Akamai Boots Popular Security Site KrebsOnSecurity With Little Notice Following Record-Breaking DDoS Attack


Today the bad guys have won. Not the war, mind you, but a skirmish with renowned security journalist Brian Krebs, author of The New York Times bestseller "Spam Nation," a former writer for the The Washington Post, and owner of KrebsOnSecurity, a popular security blog that's no longer live after cloud service provider Akamai gave Krebs just 2 hours to pack his things and leave.

Of course, there's more to the story than that. Akamai isn't some evil company secretly working for the bad guys (we hope not, anyway). But it was providing free service to Krebs for his blog. You get what you pay for. In this case, Krebs wasn't paying a dime, so Akamai decided enough was enough when Krebs found himself the victim of an extended Distributed Denial of Service (DDoS) attack.

The DDoS attack appears to be related to a KrebsOnSecurity article that called out vDOS, a lucrative website run by a pair of Israeli cybercriminals, Itay Huri and Yarden Bidani, who offered to overwhelm websites with traffic for money. Their identities became known because vDOS itself was hacked, revealing information about tens of thousands of paying customers and their targets. KrebsOnSecurity obtained a copy of the database and posted the identities of the site's owners around the same time the United States Federal Bureau of Investigation (FBI) coordinated with local authorities to arrest the two men.

Seemingly in retaliation, KrebsOnSecurity has been the target of a massive and ongoing DDoS attack. The attack brought a record 620 gigabits per second of traffic to the site, the largest Akamai has ever had to defend against. Prior to this recent barrage, the biggest DDoS attack Akamai defended was 336Gbps, which took place earlier this year.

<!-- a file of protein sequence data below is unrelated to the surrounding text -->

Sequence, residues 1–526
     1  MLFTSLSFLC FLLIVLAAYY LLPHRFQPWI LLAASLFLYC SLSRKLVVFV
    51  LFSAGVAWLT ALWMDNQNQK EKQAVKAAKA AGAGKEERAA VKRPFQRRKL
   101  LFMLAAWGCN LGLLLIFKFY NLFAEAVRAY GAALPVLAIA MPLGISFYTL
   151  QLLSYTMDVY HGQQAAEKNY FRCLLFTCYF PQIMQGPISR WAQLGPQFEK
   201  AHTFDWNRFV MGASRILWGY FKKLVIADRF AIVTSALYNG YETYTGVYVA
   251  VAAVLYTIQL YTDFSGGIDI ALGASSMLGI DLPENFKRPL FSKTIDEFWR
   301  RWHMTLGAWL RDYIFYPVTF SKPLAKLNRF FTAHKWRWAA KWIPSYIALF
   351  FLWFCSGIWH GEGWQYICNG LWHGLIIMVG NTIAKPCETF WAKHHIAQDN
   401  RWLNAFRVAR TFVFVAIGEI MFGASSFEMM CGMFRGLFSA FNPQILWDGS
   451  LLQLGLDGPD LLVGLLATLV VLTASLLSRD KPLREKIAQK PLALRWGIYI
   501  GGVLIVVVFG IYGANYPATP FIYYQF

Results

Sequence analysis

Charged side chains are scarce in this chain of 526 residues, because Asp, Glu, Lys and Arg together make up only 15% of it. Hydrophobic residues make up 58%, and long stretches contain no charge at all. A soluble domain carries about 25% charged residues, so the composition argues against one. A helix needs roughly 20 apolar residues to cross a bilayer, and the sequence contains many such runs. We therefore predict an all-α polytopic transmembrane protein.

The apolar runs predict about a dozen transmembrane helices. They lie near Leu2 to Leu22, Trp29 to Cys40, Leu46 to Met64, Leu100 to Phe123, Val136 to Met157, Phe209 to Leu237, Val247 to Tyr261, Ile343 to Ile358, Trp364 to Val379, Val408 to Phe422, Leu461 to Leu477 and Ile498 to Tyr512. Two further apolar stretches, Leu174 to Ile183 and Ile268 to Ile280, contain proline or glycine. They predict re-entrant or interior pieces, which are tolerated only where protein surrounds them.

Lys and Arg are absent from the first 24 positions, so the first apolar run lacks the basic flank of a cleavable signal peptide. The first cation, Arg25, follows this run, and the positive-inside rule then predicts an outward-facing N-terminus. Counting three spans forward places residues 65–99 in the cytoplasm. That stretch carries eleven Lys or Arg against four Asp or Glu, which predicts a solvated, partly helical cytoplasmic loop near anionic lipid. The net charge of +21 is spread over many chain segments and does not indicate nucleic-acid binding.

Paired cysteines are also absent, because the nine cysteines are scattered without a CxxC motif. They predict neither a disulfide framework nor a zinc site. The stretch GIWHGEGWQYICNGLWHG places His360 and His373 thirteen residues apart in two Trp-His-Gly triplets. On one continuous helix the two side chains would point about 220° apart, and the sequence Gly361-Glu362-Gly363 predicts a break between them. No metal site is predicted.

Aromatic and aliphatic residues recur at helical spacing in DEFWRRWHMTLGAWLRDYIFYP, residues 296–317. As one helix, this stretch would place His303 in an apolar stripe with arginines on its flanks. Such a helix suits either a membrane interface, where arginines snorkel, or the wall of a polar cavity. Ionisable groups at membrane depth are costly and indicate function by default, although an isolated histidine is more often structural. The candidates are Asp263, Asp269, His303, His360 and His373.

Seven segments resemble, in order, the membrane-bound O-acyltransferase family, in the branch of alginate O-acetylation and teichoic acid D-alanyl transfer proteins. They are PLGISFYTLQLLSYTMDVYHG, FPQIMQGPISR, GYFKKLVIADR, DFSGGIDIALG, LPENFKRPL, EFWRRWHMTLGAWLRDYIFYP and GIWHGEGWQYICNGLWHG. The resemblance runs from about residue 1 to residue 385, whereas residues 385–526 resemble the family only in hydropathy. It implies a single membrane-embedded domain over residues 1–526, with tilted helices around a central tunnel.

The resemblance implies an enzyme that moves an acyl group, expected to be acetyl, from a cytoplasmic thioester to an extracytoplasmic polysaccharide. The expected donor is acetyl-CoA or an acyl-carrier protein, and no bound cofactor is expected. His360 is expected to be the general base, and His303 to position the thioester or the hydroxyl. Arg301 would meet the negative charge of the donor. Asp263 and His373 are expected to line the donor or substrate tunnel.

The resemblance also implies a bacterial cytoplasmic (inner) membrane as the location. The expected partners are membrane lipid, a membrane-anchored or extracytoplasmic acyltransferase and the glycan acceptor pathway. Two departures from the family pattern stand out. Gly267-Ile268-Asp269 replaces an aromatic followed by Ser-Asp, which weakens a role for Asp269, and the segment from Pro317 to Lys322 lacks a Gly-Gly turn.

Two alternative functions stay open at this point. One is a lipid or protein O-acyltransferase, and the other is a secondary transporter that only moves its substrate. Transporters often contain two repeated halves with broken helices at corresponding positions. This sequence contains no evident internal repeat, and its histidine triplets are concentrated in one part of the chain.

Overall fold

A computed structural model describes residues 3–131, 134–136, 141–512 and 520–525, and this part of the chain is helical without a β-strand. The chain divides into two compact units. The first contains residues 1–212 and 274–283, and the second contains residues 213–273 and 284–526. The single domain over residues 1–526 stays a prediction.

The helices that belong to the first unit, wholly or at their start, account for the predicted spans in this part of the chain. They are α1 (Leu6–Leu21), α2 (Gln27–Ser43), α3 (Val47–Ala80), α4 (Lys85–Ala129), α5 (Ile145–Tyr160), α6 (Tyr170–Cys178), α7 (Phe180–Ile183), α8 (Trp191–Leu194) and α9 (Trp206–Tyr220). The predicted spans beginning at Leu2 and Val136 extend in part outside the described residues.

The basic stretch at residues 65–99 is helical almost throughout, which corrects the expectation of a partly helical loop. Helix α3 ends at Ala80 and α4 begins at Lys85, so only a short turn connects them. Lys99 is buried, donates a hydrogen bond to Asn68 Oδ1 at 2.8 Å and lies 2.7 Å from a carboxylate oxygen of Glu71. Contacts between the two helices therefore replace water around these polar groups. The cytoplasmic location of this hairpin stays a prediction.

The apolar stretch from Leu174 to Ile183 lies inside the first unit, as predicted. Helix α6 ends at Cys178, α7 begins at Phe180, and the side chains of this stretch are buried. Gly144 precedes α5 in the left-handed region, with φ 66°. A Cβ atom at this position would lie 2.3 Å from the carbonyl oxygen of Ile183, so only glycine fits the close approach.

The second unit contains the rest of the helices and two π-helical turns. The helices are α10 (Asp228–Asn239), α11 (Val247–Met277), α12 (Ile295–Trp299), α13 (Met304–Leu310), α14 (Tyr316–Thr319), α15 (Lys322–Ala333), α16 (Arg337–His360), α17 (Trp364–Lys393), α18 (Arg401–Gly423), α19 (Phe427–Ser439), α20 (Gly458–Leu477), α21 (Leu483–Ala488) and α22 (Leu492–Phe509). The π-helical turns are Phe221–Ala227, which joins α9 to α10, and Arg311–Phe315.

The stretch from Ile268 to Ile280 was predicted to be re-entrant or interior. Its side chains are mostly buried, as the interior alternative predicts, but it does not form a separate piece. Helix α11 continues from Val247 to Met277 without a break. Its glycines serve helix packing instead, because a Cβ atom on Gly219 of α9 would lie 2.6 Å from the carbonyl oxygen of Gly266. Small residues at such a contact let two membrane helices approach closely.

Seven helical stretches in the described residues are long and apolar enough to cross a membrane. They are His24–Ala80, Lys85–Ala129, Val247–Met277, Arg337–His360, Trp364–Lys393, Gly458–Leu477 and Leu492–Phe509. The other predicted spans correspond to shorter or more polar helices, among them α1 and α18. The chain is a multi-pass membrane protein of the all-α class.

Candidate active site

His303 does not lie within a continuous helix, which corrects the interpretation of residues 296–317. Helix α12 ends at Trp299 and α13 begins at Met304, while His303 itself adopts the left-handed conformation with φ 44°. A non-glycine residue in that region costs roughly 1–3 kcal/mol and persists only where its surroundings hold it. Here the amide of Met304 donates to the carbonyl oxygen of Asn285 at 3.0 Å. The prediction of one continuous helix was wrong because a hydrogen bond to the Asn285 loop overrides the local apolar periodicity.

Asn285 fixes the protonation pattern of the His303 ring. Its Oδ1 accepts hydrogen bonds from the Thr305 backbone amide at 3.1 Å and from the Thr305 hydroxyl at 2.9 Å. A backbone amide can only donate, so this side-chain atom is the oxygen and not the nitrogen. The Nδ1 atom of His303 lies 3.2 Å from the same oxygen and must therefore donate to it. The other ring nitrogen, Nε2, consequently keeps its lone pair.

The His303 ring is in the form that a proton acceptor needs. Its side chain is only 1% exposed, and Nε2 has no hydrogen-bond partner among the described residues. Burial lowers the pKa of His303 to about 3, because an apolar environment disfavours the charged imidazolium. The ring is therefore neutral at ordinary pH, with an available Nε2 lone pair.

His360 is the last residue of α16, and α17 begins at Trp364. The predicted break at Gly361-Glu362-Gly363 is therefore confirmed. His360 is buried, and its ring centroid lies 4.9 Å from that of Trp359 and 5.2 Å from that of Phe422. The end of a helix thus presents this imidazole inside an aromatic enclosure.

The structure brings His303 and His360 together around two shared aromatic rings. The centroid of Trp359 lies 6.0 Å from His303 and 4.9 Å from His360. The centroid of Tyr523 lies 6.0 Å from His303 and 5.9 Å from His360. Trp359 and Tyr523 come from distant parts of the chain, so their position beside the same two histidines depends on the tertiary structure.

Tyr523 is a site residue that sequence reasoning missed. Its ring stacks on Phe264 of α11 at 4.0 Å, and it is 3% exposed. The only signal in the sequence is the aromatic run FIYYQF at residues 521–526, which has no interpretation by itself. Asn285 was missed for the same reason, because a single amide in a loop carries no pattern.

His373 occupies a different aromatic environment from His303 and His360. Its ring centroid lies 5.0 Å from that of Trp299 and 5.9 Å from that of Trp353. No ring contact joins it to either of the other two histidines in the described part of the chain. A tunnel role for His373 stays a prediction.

Krebs seems to be taking things in stride and made a point on Twitter to remind everyone that Akamai was providing him with free service. It should also be noted that when extreme network compromises like this happen, that it's not uncommon for hosting and ISP partners to take swift measures to protect the rest of the customers in their network and hosting environment.

That's a valid point, though Krebs also revealed that Akamai only gave him two hours notice, which is why he didn't mention the pro bono status from the outset. With limited time to get things in order, Krebs said he was "more concerned with making sure my hosting provider wasn't going to go down."

According to ArsTechnica, Krebs considered ponying up for DDoS mitigation service, but for the type of protection he'd need against high-bandwidth attacks, the cost would be between $100,000 to $200,000 per year. That's a hefty sum, so when Prolexic (now owned by Akamai) offered him free service four years ago, he willingly accepted. Now that relationship has come to an end and it has some frightening implications.

If a DDoS attack of this scale is now possible, what's to stop cybercriminals from targeting other services and demanding a ransom? Krebs isn't the only one running a popular blog who can't afford to pay six digits for protection. And with the Internet of Things putting more and more gadgets online, high-bandwidth attacks are only going to grow in size.

So yes, the bad guys won this battle, but let's hope they don't win the war.